© Reuters. Children’s shoes line the base of the statue of Ryerson University’s Egerton Ryerson, considered an architect of Canada’s indigenous residential school system, following the discovery of the remains of 215 children at the British Columbia site.
By Anna Mehler Paperny and Nia Williams (NYSE 🙂
TORONTO (Reuters) – The discovery of the remains of 215 children in a former residential school in Canada has reopened wounds for survivors of the system, they said, as the government pledged to spend previously promised money to search for more unmarked graves. .
The Tk’emlúps te Secwépemc Indian nation in British Columbia announced last week that it had found the remains of 215 children, some as young as three, buried at the site of the Kamloops Indian Residential School, once the largest school. from Canada.
Between 1831 and 1996, Canada’s residential school system forcibly separated some 150,000 children from their homes and subjected them to abuse, rape and malnutrition in schools across the country in what the Truth and Reconciliation Commission in 2015 he called it “cultural genocide.”
Run by the government and church groups, the stated goal of the schools was to assimilate indigenous children.
Saa Hiil Thut, who spent her adolescence at the Kamloops Indian Residential School, remembers hunger, loneliness and fear.
“My life became hateful to me,” the 72-year-old St’at’imc Nation member told Reuters. He was sexually abused by one of the staff members, he said, and remembers lying on the bed in the silent bedroom, crying.
“I couldn’t help but think that it was the monsters that did this, put the bodies in an unmarked grave.”
Amid mounting outrage, the federal government said Wednesday that it will urgently disburse the money promised two years ago to indigenous communities who want to search the children’s remains in the old schools.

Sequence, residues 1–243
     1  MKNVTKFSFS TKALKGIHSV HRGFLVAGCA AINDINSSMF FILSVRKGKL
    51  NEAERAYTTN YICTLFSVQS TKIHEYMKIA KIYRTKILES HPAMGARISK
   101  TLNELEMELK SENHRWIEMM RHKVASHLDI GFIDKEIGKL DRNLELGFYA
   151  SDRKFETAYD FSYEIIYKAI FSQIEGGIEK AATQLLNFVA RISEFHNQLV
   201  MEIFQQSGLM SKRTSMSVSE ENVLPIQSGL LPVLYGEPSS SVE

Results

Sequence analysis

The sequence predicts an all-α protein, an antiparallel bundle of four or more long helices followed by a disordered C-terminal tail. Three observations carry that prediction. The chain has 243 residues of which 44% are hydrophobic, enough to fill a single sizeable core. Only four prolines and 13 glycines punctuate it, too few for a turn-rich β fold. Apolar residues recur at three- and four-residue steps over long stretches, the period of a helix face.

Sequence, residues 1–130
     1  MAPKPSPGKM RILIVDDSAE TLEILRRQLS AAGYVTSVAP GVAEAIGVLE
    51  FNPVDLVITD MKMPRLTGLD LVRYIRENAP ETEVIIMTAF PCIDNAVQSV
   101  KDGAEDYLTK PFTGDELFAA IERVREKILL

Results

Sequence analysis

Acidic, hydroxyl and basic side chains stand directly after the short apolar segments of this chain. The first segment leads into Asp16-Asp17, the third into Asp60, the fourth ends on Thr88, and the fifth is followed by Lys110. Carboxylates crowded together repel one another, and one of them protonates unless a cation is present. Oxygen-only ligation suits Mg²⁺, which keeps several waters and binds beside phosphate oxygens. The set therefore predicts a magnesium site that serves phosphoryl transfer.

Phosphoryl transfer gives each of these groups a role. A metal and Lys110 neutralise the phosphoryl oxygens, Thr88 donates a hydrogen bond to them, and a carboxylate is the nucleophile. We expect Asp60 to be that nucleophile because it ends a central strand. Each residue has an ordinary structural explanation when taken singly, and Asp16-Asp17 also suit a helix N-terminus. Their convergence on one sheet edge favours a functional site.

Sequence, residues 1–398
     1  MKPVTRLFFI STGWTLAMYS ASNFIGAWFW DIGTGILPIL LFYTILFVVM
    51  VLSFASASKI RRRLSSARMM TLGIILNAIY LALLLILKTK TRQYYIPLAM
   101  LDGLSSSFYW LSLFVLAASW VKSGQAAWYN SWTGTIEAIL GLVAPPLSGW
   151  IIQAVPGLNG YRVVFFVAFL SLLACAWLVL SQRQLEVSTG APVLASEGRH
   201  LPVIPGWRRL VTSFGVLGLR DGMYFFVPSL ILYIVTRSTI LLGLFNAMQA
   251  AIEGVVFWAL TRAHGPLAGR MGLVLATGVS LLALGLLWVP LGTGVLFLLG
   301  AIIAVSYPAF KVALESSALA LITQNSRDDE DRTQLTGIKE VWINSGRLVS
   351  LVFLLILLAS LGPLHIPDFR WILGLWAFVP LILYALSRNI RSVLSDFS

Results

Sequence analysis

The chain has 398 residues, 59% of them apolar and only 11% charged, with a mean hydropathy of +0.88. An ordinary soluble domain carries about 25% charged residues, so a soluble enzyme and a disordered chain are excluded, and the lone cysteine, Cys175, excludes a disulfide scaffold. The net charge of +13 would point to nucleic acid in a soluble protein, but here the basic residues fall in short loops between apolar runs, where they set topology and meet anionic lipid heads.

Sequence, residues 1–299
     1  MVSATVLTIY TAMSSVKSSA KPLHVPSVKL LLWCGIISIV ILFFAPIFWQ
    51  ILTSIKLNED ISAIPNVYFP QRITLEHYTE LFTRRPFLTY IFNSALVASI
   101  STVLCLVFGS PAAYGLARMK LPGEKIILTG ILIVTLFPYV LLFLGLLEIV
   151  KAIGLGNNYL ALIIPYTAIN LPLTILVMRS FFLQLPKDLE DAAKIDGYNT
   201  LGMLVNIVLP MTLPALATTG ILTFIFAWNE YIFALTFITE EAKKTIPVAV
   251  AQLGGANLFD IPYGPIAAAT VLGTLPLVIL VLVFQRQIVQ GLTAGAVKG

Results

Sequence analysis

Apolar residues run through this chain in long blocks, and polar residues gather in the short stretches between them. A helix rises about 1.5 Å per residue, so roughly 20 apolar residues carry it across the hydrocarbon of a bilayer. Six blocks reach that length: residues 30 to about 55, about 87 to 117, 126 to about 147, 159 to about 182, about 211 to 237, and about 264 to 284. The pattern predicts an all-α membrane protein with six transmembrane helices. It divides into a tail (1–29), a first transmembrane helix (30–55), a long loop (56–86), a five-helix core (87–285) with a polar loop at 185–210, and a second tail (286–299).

In 2019, the government pledged C $ 33.8 million ($ 28.1 million) over three years to support, among other things, locating the bodies of children attending schools. Of that, C $ 27.1 million has yet to be spent.
‘I DESTROY MY LIFE’
Elizabeth Prosser, the youngest of 13, was the only one of her siblings who did not attend Kamloops Indian Residential School.
But the now 55-year-old, a member of the Tsal’alh nation, felt the ripple effect of the school. Two of his older brothers, subjected to verbal, physical and sexual abuse at school, gave him that treatment, he said.
“It just tore us apart. When do we get compensated for things like that? … It destroyed my life.”
Marta Hurtado, a spokeswoman for the UN Human Rights Office, called the discovery of the school “shocking” and called on the Canadian government to “redouble efforts to find the whereabouts of the missing children, including searching unidentified graves.”
He also asked for a legal entity to protect and manage the cemeteries.
Judy Wilson, head of the Neskonlith Indian Band, said her father was five years old and was fishing for trout with his older sister, when the local Indian agent grabbed them, put them on a cattle cart and took them to Kamloops.
He was separated from his sister, shaved, deloused and beaten for speaking his own language.
Wilson said he wants to see an independent investigation of this burial site and others, possibly involving the United Nations.
“This is a larger story beyond residential schools. They collapsed our family structures, our government, our nations, our communities. It is a sham that our children bore the brunt of that genocide,” he said.
“Our towns were like ghost towns, without children.”